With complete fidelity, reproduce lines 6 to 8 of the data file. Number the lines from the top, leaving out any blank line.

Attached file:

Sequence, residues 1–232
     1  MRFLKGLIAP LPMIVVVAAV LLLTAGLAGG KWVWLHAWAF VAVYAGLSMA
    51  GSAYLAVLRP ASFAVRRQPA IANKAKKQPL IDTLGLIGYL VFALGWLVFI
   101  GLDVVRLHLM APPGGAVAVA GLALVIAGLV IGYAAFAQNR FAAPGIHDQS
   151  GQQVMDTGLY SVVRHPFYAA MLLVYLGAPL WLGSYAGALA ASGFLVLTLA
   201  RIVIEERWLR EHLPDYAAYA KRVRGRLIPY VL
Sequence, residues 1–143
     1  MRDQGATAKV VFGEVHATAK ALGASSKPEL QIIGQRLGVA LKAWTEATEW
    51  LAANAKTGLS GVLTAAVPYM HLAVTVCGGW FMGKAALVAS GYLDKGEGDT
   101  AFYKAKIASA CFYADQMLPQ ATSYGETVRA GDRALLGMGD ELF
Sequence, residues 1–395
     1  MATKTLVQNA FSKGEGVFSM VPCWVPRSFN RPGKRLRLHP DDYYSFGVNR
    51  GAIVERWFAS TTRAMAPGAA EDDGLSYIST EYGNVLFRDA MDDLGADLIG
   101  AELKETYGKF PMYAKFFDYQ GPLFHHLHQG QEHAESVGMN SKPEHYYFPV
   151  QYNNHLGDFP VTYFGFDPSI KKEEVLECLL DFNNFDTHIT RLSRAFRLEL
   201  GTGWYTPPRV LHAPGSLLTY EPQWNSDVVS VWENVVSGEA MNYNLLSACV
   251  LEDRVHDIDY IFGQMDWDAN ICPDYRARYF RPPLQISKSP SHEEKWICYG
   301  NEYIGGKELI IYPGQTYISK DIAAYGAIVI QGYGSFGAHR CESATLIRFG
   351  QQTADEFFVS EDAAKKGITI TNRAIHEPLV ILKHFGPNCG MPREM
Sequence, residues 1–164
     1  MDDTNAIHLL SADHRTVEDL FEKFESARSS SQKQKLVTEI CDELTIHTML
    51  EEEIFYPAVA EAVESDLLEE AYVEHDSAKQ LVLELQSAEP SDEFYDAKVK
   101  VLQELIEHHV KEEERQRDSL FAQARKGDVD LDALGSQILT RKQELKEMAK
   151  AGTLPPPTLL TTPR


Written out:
   201  RIVIEERWLR EHLPDYAAYA KRVRGRLIPY VL
Sequence, residues 1–143
     1  MRDQGATAKV VFGEVHATAK ALGASSKPEL QIIGQRLGVA LKAWTEATEW